We have seen attempts made to show that real gods have been developed by savage men from their own dead savage chiefs. Such a thing has never been done since the human race began, and it could never have been imagined by any man who knew the ideas of primitive races from actual experience or from competent testimony. The most striking thing in all savage belief is the low estimate put on man when unaided by divine, uncreated power. In Indian belief every object in the universe is divine except man. Divinities have an immense range of power, there is an incalculable difference between the greatest and the smallest of them,--some have inconceivable strength and knowledge, while others are measurably weak and of limited intelligence,--but all belong to one category, all are divine, all are extra-human.
Vegetable gods, so called, have been scoffed at by writers on mythology. The scoff is baseless, for the first people were turned, or turned themselves, into trees and various plants as frequently as into beasts and other creatures. Maize or Indian corn is a transformed god who gave himself to be eaten to save man from hunger and death. When Spanish priests saw little cakes of meal eaten ceremonially by Indians, and when the latter informed them that they were eating their god, the good priests thought this a diabolical mockery of the Holy Sacrament, and a blasphemous trick of Satan to ruin poor ignorant Indians.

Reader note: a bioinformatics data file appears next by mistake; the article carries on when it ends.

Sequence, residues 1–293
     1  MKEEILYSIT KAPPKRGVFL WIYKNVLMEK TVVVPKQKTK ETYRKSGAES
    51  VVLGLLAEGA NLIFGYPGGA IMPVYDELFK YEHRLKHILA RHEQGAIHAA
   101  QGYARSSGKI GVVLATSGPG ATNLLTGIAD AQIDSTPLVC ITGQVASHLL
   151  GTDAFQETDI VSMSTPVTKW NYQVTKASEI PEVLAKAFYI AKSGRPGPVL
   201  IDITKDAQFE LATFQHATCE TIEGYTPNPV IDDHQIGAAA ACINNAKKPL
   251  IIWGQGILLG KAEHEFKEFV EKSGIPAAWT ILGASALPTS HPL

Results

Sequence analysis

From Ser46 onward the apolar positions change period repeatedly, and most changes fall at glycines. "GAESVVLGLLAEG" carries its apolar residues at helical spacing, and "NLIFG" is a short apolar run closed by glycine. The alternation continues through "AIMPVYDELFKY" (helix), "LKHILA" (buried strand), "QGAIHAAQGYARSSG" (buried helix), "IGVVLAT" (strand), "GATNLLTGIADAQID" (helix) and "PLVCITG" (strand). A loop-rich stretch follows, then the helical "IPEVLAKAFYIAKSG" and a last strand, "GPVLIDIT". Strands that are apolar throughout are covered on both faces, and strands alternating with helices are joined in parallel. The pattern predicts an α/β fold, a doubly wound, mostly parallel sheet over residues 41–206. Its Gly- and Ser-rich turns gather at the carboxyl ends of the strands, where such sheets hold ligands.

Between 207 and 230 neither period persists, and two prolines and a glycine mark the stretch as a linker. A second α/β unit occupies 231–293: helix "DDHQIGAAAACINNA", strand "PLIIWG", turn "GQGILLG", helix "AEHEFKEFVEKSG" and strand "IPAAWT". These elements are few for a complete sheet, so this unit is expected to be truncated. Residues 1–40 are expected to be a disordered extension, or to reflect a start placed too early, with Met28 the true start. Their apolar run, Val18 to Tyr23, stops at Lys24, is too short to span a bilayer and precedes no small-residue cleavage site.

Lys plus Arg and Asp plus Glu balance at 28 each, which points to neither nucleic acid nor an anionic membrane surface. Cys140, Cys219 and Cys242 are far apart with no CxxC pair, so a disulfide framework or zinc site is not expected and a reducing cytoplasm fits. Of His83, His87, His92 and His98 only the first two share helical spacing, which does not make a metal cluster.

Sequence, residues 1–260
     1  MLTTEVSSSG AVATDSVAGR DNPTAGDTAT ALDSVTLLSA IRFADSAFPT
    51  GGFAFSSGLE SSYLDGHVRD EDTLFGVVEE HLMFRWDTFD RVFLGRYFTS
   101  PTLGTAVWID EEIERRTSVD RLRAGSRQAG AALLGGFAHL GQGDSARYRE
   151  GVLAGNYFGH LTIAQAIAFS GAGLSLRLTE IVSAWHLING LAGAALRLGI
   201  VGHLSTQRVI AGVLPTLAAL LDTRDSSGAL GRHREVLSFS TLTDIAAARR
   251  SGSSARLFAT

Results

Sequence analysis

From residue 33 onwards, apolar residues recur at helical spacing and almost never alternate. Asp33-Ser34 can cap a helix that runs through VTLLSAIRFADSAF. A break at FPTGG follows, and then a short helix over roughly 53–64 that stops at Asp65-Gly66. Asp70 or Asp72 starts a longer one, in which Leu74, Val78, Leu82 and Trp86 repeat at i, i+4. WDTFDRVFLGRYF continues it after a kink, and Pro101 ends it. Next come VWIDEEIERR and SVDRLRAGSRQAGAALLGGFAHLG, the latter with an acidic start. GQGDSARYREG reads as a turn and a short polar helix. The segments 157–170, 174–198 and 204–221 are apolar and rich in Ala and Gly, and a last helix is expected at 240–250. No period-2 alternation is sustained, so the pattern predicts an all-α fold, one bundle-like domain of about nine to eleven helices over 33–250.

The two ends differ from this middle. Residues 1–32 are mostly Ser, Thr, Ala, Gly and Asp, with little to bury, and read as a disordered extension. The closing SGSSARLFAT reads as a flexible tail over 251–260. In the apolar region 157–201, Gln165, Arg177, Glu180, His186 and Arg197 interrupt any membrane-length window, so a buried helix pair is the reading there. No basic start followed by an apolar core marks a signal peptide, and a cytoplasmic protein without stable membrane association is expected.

I have a myth in which the main character is a violent and cruel old personage who is merciless and faith-breaking, who does no end of damage till he is cornered at last by a good hero and turned into the wild parsnip. Before transformation this old parsnip could travel swiftly, but now he must stay in one place, and of course kills people only when they eat him.
The treasure saved to science by the primitive race of America is unique in value and high significance. The first result from it is to carry us back through untold centuries to that epoch when man made the earliest collective and consistent explanation of this universe and its origin.